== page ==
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Forget Singapore: Dubai to be trade hub

Forget Singapore: Dubai to be trade hub

Advocates point to expanding port capacity and firms boosting trading operations, while critics lament lack of regulation and transparency and say some companies still favour Singapore and Europe.

September 28, 2010 4:23 by

The increased amount of products is a challenge to the region’s big OPEC members, including Saudi Arabia, Iran and Kuwait. They effectively ban their customers from trading their crude, which is priced each month when the relevant authorities issue official selling prices.

The oil powers take a different view of refined products, such as gasoline, naphtha and diesel, which historically the Organization of the Petroleum Exporting Countries has not been able to influence.

There are, however, obstacles. The region lacks the regulations and transparency of mature trading hubs, but most importantly, dealers need to be able to hedge cargoes by using paper instruments, which are not established in the region.

“The paper market is almost not traded here. There is always a paper-side to it, but done in other markets like Singapore or London until more instruments are introduced in the Middle East to protect prices,” one trader said.

The so-called window is used by oil traders to post bids and offers made on the over-the-counter oil markets. For now there is no window in the Dubai time zone and there are no immediate plans for Platts to change that, the firm’s marketing department told Reuters.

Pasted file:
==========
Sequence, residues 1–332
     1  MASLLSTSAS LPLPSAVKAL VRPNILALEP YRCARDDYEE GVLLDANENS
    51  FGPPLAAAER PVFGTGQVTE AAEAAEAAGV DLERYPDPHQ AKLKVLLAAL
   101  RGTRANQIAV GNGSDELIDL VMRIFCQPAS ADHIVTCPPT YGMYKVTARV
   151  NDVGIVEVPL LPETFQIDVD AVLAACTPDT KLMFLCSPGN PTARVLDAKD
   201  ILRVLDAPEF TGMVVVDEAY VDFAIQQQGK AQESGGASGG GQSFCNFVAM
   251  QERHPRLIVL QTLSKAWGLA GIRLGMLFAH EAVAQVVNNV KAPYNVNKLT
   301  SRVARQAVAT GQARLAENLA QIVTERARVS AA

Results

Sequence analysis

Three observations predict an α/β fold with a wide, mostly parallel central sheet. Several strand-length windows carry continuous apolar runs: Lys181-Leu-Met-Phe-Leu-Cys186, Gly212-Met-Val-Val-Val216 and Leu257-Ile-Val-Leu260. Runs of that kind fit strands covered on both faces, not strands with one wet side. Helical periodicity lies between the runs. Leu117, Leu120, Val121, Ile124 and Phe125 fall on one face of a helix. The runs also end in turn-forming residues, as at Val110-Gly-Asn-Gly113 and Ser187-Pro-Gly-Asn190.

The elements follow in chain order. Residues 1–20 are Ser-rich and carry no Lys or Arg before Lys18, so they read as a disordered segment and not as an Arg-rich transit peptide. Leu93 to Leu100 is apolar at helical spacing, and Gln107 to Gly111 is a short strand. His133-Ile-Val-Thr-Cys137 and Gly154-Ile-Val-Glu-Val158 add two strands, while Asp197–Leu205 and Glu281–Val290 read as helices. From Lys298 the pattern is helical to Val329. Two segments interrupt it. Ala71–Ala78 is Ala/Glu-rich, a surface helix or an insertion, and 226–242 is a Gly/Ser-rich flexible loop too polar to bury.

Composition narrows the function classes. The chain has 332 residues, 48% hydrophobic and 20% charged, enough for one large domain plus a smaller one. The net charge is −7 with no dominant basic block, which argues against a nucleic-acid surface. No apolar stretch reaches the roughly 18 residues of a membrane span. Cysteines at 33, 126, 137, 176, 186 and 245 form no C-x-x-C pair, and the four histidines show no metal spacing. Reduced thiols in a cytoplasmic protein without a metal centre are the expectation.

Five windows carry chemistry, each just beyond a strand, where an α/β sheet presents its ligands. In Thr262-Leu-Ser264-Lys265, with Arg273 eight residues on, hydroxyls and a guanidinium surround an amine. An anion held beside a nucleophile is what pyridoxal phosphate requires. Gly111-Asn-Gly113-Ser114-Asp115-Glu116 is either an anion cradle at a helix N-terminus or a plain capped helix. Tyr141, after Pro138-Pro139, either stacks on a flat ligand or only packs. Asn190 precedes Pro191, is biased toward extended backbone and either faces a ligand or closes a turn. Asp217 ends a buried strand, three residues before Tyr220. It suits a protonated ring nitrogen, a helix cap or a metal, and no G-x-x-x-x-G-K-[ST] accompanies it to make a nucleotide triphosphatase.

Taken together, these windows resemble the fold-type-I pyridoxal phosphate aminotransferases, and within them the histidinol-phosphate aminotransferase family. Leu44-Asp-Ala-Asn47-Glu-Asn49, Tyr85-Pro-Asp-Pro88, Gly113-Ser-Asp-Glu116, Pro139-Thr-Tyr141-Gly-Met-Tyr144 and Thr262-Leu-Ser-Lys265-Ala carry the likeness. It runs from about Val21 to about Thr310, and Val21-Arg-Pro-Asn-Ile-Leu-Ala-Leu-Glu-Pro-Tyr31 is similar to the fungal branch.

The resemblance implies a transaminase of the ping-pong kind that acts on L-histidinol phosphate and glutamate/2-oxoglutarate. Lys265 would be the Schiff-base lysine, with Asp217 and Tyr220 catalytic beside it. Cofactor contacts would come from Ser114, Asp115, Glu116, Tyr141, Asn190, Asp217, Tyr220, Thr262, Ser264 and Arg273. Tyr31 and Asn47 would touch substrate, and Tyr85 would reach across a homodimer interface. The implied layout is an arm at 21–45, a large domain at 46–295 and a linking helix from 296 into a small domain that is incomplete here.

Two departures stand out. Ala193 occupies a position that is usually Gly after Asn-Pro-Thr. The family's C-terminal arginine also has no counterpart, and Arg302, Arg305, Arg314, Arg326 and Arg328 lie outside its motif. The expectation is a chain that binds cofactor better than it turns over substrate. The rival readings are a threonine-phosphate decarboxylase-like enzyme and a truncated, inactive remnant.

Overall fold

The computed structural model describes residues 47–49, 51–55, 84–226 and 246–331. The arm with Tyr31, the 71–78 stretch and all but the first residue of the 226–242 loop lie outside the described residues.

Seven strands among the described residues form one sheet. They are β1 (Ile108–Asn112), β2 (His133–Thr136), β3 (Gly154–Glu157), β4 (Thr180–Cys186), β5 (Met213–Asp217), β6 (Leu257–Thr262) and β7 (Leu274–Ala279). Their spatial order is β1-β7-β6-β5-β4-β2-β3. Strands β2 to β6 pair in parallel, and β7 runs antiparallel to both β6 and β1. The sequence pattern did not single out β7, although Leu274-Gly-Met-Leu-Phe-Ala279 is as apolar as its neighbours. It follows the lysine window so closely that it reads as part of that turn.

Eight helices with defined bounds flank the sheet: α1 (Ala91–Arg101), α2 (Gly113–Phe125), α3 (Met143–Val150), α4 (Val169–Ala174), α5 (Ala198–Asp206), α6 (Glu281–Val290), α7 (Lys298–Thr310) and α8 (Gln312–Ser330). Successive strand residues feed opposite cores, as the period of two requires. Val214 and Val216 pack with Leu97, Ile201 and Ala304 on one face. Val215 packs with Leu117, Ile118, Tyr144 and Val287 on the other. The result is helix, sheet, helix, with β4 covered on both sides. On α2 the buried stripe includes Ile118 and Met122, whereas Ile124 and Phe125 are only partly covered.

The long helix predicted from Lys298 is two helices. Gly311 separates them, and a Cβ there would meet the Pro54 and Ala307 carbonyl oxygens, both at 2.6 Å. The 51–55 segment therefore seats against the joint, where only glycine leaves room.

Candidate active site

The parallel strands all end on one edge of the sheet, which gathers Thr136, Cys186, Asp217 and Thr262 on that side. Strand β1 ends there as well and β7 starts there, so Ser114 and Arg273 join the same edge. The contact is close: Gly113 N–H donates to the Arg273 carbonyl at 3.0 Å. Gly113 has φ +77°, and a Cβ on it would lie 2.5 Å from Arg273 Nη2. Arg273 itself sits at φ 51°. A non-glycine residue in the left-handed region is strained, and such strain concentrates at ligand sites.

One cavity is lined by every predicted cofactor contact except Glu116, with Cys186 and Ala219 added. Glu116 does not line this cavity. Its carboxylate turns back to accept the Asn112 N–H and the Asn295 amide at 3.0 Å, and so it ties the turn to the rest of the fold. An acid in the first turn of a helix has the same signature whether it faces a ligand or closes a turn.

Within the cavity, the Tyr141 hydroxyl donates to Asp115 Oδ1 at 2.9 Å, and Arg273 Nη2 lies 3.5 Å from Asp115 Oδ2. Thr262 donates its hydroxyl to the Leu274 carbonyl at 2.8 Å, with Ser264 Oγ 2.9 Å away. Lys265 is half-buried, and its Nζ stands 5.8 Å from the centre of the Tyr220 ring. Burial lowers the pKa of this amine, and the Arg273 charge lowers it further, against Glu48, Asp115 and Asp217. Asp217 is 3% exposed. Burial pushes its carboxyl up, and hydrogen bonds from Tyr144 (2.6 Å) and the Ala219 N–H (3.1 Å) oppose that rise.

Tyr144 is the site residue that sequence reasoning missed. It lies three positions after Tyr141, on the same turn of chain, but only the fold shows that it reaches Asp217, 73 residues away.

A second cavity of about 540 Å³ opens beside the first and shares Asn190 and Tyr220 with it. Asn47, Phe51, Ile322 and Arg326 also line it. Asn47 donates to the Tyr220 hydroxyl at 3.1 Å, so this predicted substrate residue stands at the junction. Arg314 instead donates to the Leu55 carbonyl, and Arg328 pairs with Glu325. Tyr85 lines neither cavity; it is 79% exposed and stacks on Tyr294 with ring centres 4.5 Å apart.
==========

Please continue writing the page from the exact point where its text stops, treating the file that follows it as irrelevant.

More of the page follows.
Platts, a unit of U.S. McGraw-Hill Cos Inc, provides price benchmarks in a number of illiquid or opaque physical energy markets, often determining pricing through a series of bids, offers and trades during a half-hour “window”.

Futures trade on the NYMEX-backed Dubai Mercantile Exchange (DME), which launched its Oman futures contract in 2007, has repeatedly hit new records and earned praise from many traders. It has, however, shelved plans for a jet fuel contract.

“The DME for the past two years had its strategic focus on the DME Oman benchmark and was therefore not looking at other contracts or products,” the DME said.

Some traders have said they were pleasantly surprised by the success of the DME and Oman benchmarks. Others remain sceptical.

“We follow Singapore Platts and international markets,” said Naila Shirazee, manager of corporate excellence at Galana Petroleum, an oil company operating mainly in East Africa.

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